A is for Attitude: There’s a reason why this feels so big. You can think about it as the degree of difficulty. When a diver walks up to the end of the diving board and executes a simple swan dive, there probably isn’t a lot of challenge attached to it. But try doing a pike with 2.5 somersaults and 2.5 twists from a 10 meter platform, and you’re due to earn some serious points if you nail it. So, first of all, give yourself a preliminary pat on the back for even trying something this big. Go you! And second, recognize how much impact your attitude has on your results. What does it feel like to dread this event? What does it feel like to anticipate it with eagerness and curiosity? What attitude will serve you best in bringing and executing on your ‘A’ game? That’s the one. Be that.

Powerful Questions in Action

apple picking“I always have a question that I can’t answer just by thinking about it.”

That’s how Nobel Prize winning author Toni Morrison recently responded to an interviewer’s question about how she decides what to write about.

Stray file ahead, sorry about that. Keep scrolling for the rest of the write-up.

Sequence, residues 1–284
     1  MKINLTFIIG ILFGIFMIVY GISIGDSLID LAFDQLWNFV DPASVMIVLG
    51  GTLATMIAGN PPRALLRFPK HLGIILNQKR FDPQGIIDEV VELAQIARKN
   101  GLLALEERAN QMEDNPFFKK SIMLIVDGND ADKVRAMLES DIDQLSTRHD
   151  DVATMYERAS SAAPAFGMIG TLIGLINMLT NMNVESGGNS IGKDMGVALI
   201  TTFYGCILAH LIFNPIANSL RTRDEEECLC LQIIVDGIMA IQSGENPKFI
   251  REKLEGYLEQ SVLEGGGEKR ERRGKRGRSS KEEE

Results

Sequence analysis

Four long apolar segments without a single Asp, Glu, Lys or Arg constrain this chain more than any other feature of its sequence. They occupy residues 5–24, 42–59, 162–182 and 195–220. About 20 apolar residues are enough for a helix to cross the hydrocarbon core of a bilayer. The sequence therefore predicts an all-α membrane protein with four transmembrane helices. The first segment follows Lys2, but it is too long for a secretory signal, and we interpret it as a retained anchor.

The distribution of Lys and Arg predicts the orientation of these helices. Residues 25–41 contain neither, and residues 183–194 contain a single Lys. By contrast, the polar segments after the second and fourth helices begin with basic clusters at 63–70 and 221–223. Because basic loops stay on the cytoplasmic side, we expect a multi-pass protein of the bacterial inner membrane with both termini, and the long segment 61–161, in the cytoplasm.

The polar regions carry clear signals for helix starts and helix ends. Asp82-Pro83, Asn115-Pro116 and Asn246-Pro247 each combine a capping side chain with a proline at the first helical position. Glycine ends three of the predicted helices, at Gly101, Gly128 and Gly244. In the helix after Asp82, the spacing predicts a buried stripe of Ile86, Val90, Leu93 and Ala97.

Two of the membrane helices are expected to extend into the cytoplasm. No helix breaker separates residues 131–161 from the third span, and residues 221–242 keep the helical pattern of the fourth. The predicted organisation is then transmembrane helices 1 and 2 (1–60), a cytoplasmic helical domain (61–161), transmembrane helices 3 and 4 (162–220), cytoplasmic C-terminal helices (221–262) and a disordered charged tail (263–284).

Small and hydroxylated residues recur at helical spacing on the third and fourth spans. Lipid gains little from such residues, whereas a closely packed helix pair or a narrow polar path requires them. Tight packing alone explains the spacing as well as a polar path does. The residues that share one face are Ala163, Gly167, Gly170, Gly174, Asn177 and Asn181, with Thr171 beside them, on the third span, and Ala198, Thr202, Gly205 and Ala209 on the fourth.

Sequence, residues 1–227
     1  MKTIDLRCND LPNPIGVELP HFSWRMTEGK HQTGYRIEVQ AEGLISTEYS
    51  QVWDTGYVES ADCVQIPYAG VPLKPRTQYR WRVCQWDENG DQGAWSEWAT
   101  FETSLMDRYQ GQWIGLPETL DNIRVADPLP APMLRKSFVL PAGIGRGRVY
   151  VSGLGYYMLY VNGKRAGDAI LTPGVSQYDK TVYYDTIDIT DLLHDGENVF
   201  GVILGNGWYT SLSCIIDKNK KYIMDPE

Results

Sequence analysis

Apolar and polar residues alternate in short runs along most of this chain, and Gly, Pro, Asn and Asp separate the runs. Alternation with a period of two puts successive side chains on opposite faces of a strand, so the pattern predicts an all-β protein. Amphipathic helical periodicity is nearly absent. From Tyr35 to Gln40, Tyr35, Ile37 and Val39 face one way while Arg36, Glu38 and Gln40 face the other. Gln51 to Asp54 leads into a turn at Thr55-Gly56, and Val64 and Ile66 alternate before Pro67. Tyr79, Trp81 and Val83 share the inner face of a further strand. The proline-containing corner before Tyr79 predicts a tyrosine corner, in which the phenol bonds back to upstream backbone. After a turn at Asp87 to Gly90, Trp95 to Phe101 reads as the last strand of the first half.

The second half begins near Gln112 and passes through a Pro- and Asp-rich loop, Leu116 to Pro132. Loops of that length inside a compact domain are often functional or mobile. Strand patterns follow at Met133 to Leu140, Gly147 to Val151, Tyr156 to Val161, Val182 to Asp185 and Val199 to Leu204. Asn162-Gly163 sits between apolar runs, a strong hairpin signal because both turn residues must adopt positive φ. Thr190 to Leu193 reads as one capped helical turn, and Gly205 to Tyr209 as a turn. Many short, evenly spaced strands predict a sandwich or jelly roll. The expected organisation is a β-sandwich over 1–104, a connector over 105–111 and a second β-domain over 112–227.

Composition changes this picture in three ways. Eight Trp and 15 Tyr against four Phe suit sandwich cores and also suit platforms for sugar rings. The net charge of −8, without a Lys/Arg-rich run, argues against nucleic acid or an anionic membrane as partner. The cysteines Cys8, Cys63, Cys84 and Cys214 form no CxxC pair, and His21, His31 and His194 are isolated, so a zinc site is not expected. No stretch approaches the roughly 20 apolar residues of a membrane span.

As befits her status as an international treasure, Morrison captured in this simple comment not just an insight into her own creative process, but something broader about the very nature of learning. She models for us the essence of action learning.

Many theorists have explored the inextricable connection between action and reflection in human learning processes. Kurt Lewin, David Kolb, and W. Edwards Deming are noted for their contributions to our understanding of this dynamic. And I often point to their cyclical models in encouraging my coaching clients to make room for reflection in their busy lives. “Reflect so that your next actions incorporate the wisdom you’ve gained.”

But what Toni Morrison hints at is an organic learning process in which action and reflection happen simultaneously; something closer to Bill Torbert’s theory of action inquiry. When we enter into action with awareness and the intention to absorb the learning it has to offer, it enhances the quality of the action we take. We not only find the answers we set out to find, but we expand our capacity for learning and leadership. We discover the creative power of inquiry itself.

What’s a question that you’re living with right now that you can’t answer just by thinking about it?